Composting is a process used by farmers, landscapers, and home gardeners, in which organic matter is added to the soil to decompose, releasing beneficial nutrients. Farmers use a variety of materials to create compost, including livestock bedding, manure, and crop residues left over from previous harvests, such as unused stalks or leaves. Some farms also collect food waste from local businesses or cafeterias to make compost, and home gardeners may also use their own yard trimmings or food scraps.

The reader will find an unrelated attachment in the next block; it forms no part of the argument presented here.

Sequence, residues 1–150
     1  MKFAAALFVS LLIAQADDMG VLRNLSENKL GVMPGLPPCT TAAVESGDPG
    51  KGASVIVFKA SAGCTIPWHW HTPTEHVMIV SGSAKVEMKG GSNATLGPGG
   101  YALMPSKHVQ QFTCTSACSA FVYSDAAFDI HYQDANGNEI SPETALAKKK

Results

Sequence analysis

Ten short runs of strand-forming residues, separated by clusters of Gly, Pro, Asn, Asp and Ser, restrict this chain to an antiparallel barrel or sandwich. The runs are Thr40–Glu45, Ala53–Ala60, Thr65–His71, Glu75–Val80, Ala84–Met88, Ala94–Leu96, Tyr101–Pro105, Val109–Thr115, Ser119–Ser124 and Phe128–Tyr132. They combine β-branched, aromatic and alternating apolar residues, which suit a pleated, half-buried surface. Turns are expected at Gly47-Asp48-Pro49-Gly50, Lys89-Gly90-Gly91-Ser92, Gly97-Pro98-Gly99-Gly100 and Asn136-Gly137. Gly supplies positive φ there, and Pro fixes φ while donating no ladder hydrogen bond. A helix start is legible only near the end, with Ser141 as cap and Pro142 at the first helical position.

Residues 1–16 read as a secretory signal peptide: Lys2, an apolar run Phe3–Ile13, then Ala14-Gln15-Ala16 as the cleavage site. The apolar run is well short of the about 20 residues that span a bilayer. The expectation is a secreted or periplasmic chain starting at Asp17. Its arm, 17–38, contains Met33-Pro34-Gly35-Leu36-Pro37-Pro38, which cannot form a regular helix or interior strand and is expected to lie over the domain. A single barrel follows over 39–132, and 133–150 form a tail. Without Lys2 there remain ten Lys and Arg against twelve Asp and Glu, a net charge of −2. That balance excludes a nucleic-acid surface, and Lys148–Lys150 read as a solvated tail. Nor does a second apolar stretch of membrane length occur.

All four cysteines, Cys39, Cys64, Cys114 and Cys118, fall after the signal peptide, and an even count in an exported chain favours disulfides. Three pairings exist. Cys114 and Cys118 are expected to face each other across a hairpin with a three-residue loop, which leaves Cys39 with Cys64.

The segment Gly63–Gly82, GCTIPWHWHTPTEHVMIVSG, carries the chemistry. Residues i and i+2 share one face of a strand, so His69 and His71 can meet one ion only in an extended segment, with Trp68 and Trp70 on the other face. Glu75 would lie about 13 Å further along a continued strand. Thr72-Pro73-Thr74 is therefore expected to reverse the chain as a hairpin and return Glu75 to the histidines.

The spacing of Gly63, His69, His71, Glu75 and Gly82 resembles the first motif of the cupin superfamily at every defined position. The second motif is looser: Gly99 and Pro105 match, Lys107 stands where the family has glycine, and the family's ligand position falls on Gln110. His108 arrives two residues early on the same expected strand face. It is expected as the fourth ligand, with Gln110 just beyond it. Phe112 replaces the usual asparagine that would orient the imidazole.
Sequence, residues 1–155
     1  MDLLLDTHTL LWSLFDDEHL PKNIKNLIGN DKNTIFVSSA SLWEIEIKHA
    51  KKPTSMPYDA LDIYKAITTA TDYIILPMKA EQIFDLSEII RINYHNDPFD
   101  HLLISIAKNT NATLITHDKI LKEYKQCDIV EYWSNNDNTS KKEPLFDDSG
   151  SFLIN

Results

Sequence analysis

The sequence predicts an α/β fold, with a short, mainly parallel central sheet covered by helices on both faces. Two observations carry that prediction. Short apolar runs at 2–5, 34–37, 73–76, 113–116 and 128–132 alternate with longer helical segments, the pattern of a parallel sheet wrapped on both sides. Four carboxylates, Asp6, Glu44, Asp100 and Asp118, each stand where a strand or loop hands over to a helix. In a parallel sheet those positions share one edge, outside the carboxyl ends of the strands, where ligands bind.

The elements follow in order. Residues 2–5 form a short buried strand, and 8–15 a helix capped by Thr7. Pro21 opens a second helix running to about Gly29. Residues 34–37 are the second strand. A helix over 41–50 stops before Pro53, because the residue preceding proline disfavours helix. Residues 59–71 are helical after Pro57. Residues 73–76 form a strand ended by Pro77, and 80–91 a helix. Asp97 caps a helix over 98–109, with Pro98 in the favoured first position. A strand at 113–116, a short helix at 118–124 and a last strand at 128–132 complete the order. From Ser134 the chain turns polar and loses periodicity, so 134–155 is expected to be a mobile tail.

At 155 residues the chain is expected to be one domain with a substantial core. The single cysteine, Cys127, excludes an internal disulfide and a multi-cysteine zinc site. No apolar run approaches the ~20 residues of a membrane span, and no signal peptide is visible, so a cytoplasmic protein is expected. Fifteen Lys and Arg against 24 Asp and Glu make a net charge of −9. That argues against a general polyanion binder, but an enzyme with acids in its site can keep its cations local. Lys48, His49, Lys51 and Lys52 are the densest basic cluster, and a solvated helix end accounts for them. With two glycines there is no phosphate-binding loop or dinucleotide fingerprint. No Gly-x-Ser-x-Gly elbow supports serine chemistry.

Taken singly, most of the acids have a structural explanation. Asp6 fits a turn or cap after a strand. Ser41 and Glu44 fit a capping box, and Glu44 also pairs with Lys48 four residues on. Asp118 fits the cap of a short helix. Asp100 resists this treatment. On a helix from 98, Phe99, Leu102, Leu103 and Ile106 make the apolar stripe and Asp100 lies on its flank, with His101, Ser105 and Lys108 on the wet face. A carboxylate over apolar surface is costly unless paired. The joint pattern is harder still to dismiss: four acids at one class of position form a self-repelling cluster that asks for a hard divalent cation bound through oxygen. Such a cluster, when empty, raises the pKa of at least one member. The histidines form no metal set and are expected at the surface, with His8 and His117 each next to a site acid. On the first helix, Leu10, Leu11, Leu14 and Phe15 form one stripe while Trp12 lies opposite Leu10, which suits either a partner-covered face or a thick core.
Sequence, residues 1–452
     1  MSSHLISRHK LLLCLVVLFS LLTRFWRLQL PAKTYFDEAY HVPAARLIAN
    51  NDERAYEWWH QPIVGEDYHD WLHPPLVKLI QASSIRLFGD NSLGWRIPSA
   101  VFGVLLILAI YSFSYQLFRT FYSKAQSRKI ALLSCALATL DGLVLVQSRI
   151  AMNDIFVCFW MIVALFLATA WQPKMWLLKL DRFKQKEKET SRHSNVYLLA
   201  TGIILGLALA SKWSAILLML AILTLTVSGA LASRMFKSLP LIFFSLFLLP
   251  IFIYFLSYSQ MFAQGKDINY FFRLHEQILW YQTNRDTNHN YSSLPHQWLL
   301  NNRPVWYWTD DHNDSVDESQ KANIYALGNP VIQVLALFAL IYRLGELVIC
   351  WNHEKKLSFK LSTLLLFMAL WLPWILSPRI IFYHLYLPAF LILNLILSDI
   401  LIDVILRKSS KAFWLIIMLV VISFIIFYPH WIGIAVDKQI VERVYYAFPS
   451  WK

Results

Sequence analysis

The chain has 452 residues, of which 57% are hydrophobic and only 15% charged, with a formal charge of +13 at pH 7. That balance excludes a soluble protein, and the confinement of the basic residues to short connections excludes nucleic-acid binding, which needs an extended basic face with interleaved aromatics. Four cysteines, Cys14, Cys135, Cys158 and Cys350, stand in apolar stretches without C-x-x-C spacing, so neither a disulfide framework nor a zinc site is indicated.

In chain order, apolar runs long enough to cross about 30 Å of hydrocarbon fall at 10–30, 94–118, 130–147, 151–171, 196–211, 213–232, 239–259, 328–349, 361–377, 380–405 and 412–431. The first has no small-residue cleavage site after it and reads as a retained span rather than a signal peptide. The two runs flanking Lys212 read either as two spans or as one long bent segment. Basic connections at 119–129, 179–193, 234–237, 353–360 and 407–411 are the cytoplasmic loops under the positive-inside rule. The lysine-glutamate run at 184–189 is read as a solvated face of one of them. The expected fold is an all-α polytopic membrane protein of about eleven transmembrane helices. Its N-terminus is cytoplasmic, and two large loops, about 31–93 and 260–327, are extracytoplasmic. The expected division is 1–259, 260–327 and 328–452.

Compost is rich in nutrients and encourages the growth of beneficial microorganisms that break down organic matter in the soil. Composting can help soils retain moisture, reduce pests and diseases, and reduce the need for additional fertilizer.
How to Make Backyard Compost
Find a dry, shady spot with a nearby water source.
Maintain equal amounts of brown and green materials, chopping up larger pieces. Examples of brown materials include dead leaves, branches, and twigs. Green materials include grass clippings, fruit and vegetable waste, and coffee grounds.
Moisten dry materials when added.
Once compost pile is established, mix or bury any new green waste added.
You may want to cover your compost pile with a tarp to keep it moist. When the material at the bottom is dark and rich in color, it is ready to use.